He is a Bay Area native born in San Francisco and relocating to Oakland at the age of four. Growing up in Oakland he has had multiple encounters with police and at a young age was placed in community based programs to help keep him out of trouble. Through these programs he found a passion for helping others in need. Juan first became involved with CURYJ as a participant in the second summer Homies for Justice (H4J) cohort, a program designed to help formerly incarcerated and systems impacted youth. During his time in the program he learned and developed skills in policy, such as lobbying and bill implementations. He also learned community organizing skills, event management, and different cultural healing practices.

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Linda Sanchez
Program Manager

Linda Sanchez is the Program Manager overseeing the Homies 4 Justice and Dream Beyond Bars programs. She provides programmatic support around curriculum development,

  grant management, and mentorship to systems impacted youth. Linda is committed to providing capacity building and professional development to the Program staff who are systems impacted themselves. 

Born in Oaxaca, Mexico and raised in Anaheim, CA Linda most recently served as the Program Director of 67 Sueños, a youth leadership development program for Undocumented/mixed status youth. At 67 Sueños Linda achieved a 100% retention rate, cultivated critical relationships with foundations, expanded community collaborations, and groomed former participants to lead the program after her departure.  She is a UC Berkeley graduate where she received a dual degree in Political Science and Chicano Studies. Her accomplishments while at UC Berkeley include advocating for and winning the first Undocumented Student Reserouce Program and co-founded the first and only UC Berkeley student housing for undocumented students. In 2015 she started her own social enterprise, Fuerza Indigena, to socially and economically uplift the voices of indigenous communities in California.  Her experiences of being undocumented and indigenous propels her to be deeply rooted in community advocacy and social justice. She brings to CURYJ a wealth of experience in youth organizing, program management, grant writing, social entrepreneurship, and curriculum development.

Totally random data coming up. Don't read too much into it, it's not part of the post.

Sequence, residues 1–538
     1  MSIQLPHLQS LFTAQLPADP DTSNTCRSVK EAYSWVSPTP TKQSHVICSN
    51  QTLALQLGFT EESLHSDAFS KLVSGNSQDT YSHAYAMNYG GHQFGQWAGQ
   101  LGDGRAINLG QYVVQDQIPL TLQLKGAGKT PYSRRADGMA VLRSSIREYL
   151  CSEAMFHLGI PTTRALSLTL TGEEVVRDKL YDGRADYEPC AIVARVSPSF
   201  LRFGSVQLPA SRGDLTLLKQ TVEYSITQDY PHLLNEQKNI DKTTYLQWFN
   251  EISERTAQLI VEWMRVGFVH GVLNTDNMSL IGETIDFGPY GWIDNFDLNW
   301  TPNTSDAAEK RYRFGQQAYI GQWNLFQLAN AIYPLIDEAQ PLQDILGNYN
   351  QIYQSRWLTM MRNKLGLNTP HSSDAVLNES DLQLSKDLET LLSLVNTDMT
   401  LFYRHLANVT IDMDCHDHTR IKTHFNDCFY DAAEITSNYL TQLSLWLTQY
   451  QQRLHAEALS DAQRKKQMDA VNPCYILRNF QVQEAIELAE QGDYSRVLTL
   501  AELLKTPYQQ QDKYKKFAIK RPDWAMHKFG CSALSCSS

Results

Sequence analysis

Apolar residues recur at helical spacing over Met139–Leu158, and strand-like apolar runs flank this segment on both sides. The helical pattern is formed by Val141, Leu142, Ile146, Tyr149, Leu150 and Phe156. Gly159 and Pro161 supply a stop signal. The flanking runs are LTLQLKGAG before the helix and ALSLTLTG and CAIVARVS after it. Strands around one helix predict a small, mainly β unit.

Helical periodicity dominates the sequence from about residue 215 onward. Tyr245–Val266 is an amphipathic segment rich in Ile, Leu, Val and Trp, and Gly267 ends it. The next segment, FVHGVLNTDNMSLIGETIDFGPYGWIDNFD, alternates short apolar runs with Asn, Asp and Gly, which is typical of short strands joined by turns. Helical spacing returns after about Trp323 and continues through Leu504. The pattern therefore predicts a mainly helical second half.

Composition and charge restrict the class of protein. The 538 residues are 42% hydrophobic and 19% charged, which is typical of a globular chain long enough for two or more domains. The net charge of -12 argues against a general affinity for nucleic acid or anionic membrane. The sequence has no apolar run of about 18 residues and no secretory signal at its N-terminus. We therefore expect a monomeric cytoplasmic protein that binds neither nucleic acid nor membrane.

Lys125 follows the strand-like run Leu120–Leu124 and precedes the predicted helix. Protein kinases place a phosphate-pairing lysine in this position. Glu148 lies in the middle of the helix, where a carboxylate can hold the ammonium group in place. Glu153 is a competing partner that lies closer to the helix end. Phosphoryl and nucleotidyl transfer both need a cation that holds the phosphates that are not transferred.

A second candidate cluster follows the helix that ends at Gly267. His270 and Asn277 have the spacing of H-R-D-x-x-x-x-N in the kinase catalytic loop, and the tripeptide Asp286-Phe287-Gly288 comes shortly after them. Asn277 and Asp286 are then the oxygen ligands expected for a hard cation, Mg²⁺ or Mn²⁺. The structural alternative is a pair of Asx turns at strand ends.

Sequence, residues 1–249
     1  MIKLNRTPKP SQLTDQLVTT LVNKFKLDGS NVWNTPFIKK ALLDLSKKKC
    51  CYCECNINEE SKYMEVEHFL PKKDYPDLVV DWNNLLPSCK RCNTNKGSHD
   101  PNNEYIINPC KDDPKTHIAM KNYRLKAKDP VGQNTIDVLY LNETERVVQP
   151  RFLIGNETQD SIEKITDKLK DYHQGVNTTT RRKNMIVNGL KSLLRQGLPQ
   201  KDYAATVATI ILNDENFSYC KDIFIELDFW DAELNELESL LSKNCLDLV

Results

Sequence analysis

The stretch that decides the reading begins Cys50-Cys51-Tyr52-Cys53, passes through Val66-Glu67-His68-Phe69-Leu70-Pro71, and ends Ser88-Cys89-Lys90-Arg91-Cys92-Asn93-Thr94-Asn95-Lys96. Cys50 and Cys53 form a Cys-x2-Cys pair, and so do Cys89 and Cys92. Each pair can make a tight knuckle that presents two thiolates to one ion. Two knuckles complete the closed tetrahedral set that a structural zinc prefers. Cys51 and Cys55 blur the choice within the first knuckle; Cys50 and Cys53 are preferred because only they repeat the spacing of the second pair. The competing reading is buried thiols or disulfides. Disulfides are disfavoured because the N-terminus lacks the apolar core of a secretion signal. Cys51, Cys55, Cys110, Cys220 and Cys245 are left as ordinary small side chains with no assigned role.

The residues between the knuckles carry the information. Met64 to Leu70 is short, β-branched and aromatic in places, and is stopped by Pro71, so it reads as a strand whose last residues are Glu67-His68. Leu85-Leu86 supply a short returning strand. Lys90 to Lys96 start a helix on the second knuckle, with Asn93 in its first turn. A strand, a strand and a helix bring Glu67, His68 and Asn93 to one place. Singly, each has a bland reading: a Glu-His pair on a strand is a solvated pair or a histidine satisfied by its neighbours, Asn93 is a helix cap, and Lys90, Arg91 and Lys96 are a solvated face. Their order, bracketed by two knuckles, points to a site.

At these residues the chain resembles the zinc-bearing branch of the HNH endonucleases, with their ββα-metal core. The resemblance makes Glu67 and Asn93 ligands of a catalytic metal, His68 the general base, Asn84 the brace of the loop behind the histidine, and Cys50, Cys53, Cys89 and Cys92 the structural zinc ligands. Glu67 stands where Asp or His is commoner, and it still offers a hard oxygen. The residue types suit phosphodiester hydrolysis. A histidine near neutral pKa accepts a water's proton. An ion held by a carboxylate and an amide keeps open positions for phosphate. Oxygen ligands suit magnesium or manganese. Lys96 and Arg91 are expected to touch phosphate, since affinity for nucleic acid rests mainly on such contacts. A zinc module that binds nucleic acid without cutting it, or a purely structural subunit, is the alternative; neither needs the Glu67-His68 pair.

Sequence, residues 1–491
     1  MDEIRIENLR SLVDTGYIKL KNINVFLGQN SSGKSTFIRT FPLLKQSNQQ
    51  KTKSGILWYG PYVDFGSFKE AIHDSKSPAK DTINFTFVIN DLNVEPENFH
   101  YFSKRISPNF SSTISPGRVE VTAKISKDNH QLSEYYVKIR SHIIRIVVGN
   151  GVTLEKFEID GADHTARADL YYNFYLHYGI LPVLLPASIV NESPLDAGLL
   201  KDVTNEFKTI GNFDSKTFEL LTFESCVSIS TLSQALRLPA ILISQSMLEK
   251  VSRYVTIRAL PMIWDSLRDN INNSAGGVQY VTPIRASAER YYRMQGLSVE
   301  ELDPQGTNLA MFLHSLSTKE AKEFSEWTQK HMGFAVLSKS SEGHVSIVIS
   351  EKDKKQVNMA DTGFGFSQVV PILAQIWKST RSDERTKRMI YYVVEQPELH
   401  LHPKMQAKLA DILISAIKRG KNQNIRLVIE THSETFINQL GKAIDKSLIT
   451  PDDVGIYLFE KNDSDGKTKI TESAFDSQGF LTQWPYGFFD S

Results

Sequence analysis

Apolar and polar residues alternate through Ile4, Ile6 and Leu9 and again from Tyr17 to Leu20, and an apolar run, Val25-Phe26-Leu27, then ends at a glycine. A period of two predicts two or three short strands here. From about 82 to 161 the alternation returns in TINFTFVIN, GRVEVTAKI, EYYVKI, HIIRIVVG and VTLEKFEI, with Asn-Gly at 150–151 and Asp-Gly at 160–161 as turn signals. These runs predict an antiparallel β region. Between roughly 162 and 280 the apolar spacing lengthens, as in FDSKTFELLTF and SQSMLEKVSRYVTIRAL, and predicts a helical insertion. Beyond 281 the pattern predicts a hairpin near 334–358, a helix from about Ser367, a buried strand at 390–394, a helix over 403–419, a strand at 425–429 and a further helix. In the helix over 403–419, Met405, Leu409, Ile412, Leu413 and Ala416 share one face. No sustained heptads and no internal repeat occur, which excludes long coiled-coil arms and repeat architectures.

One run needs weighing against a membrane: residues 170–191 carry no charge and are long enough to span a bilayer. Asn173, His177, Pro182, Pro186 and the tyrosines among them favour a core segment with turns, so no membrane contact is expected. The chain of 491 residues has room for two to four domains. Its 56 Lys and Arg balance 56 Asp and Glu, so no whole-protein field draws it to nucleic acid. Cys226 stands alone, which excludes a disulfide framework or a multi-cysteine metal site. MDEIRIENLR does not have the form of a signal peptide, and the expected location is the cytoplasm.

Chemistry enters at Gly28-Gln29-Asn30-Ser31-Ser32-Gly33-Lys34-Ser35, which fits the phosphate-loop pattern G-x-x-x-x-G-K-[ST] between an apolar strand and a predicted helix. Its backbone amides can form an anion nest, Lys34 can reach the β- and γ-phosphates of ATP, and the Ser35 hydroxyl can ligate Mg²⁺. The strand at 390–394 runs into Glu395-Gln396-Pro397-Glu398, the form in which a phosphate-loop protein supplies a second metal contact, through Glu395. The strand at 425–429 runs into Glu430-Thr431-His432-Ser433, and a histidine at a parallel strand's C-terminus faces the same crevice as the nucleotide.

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Mike Muscadine
Community Organizer & Life Coach

Mike is a CURYJ co-founder and certified life coach that manages the Life Coaching Team for adults and for youth. Mike takes pride in the successes the people he has served

have achieved —like getting off probation, finding permanent housing, and securing good employment. Mike founded the Life Coaching program and was the only life coach for two and a half years until he began recruiting and training other life coaches. 

Mike also runs the Community Healing Program where he oversees the regranting program, coordinates with community stakeholders, and builds capacity for local organizers in the San Antonio and Fruitvale Districts. Mike launched and oversees the Aztlan Beautification Movement that includes community mural projects, the Reclaiming Cinco de Mayo block party, and the Fruitvale Community Garden.

Mike has lived in the community his whole life and is responsible for a lot of the outreach and base building at CURYJ. He facilitates activities inside juvenile hall and teaches ethnic studies in Oakland high schools and continuation schools. As an organizer, Mike understands the power of mobilizing locally and he takes it upon himself to organize activities that connect current participants and CURYJ alumni. 

In 2018 Mike facilitated a workshop on Restorative Justice at Columbia University in New York. Mike has spoken to local radio outlets, media, and testified at the state capitol before the State Assembly Select Committee on the Status of Boys and Men of Color, and served on the Youth Policy Task Force for the Alliance of Boys and Men of Color. He was also a panelist a Beyond the Bench conference where he directly shared his experiences with Judges, Prosecutors and others in Law Enforcement to give them an opportunity to learn what the impact of certain judicial practices have had on the health and success of boys and men of color.